From March 26 to April 2, 2015, Switzerland, Iran, and the five permanent members of the United Nations Security Council (plus Germany) negotiated an accepted framework for Iran's nuclear program. Before this negotiation, Iran's program had worried many international observers. However, some of these nations had their nuclear programs, and also, these programs were clandestine and even illegal under international law (Israel). The agreement served to bring Iran further into the international community as there had been fears that Iran was heading the same way as North Korea and may have withdrawn from international treaties or organizations.
Outline of the Agreement
The agreement between Iran and the P5+1 contains many terms and conditions for both sides involved. The main requirements of the Joint Comprehensive Plan of Action fall into four categories, which are enrichment, reprocessing, monitoring, and sanctions. The documents surrounding the agreement are understandably long and complicated. However, some of these conditions are:
- The International Atomic Energy Agency (IAEA) is responsible for monitoring the enrichment, research, and facilities of Iran
- Iran's enrichment capabilities, levels, and storage will be limited to the Natanz nuclear site.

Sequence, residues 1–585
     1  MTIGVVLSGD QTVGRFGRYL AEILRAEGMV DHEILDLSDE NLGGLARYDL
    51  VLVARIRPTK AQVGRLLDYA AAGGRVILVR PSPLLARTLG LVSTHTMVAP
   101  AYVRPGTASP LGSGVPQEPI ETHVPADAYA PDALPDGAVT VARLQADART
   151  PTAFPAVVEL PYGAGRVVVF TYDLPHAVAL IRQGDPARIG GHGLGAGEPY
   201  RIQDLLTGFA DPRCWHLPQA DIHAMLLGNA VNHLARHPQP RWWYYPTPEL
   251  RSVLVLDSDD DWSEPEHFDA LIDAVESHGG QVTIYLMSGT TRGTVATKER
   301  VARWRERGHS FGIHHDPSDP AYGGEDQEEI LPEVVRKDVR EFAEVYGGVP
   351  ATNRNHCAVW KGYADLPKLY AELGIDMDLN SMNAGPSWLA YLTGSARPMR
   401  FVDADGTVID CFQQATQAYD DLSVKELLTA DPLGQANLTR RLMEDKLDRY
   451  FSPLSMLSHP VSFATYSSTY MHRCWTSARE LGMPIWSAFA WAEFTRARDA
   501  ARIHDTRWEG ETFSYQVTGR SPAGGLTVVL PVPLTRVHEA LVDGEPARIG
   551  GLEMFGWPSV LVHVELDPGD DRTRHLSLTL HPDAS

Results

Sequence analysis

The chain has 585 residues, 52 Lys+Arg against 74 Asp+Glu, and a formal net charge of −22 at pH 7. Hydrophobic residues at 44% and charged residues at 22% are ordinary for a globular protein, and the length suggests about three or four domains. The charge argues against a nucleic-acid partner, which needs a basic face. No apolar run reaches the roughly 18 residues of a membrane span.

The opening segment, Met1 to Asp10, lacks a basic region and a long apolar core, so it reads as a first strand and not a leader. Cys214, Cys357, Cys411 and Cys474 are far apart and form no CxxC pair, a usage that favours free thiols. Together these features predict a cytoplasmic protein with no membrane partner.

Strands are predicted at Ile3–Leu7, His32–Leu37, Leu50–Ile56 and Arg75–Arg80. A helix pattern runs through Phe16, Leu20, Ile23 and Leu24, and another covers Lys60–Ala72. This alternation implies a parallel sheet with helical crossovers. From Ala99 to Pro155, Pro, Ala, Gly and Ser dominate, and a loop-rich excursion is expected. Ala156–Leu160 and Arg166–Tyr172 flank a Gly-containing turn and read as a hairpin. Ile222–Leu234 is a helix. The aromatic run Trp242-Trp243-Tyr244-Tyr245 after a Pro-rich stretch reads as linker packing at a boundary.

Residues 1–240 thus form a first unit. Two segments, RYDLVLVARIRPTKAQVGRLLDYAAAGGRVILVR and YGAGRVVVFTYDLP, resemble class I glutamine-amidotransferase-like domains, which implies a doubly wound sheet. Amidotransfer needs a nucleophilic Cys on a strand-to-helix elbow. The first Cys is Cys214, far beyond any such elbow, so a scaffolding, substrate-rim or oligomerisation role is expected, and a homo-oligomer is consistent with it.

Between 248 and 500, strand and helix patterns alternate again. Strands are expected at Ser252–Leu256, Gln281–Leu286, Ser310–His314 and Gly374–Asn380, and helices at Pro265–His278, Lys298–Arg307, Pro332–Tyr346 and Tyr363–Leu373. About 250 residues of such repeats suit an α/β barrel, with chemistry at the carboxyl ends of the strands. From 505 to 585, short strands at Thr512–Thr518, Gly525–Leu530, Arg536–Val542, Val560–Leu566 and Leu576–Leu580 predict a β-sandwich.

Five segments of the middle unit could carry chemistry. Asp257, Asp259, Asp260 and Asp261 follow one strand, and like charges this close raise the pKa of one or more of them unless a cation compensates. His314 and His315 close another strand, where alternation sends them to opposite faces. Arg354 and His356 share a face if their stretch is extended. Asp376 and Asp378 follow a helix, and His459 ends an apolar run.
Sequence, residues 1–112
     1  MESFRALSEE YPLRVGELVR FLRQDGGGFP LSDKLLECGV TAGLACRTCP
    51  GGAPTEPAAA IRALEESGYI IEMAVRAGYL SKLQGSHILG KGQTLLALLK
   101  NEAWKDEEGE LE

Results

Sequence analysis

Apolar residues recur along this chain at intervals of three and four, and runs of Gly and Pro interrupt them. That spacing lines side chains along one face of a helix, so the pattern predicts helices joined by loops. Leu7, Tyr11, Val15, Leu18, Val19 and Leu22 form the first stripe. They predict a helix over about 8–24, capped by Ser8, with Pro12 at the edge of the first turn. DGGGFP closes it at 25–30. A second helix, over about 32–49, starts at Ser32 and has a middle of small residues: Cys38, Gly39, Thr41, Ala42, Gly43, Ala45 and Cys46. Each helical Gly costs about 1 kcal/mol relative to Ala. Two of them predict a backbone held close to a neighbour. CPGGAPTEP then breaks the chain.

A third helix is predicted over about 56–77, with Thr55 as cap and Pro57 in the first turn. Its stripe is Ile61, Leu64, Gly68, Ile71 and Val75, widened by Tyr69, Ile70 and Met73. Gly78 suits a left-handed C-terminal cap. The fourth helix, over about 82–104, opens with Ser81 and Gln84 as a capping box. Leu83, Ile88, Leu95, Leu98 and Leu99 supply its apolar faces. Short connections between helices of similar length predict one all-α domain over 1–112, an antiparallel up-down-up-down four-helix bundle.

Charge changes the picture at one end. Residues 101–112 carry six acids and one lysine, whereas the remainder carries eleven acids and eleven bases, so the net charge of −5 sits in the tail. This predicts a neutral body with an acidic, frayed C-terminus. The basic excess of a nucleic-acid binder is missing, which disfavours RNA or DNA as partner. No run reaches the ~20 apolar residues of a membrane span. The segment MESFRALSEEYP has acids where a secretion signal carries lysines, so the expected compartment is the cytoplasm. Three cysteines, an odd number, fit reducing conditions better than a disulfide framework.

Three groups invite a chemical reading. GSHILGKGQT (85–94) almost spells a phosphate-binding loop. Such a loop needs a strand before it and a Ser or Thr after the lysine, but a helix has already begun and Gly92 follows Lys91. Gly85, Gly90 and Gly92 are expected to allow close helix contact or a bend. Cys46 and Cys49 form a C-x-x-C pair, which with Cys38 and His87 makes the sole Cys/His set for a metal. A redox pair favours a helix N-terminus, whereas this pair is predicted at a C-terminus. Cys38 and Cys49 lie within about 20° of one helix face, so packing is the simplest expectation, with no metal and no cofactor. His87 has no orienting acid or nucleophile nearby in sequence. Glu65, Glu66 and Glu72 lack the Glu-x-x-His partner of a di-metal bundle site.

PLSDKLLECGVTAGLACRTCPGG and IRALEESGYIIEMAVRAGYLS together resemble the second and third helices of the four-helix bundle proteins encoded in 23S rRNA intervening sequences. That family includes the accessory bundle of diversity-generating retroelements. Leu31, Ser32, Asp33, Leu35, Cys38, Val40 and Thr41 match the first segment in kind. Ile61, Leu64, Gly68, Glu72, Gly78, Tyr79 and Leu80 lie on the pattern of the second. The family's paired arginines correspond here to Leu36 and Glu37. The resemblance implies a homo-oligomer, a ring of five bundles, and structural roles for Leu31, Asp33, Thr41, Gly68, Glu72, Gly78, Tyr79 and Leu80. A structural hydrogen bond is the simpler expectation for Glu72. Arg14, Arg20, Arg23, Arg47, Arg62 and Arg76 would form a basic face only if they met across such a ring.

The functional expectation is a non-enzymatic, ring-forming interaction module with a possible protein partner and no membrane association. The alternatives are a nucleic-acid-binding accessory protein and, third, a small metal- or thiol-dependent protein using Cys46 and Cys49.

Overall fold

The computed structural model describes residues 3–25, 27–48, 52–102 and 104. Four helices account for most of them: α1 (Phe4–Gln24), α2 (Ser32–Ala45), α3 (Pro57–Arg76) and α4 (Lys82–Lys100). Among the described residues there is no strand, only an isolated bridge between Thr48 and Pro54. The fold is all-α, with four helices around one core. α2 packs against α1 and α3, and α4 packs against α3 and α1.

- The underground enrichment center in Fordo will be converted to a facility that houses nuclear researchers.
- The heavy water facility at Arak will be converted, with international help, into a research facility that does not produce any weapons-grade plutonium products.
- Iran will export spent fuel. Therefore, there will be no risk of reprocessing into a weapon.
- Iran is allowed to research in the field of centrifuges with a scope and timeline that has been agreed upon between the country and the P5+1.
Under the sanctions portion of the agreement, the European Union and the United States will cease nuclear-related economic sanctions if the IAEA verifies that the previous conditions have been met. The United Nations will endorse the IAEA's findings with a Security Council resolution that will terminate all previous resolutions regarding Iran and its nuclear program.
Donald Trump and the Iran Nuclear Deal in 2018
In May of 2018, United States President Donald Trump announced that he would withdraw from the agreement and restore economic sanctions against Iran. A worrying proclamation, as many believe Israel will feel empowered to attack Iran due to the agreement not having the United States' (Israel's closest ally) backing.
According to international observers, such as the IAEA and UN, Iran has lived up to its part of the agreement. This situation presents the world with a potentially volatile situation in which the United States, and possibly Israel, are acting as an impediment to international cooperation and law. France, Germany, and the United Kingdom expressed regret in a joint statement released by the three nations shortly after this announcement. As of this moment, China and Russia have refrained from comment, although this situation is still developing as this article goes to print.
About the Author
Justin has a Bachelor's degree (Honors) in Political Science and Media and Communications, specializing in modern Middle Eastern politics. He has been writing for World Atlas since September 2016.
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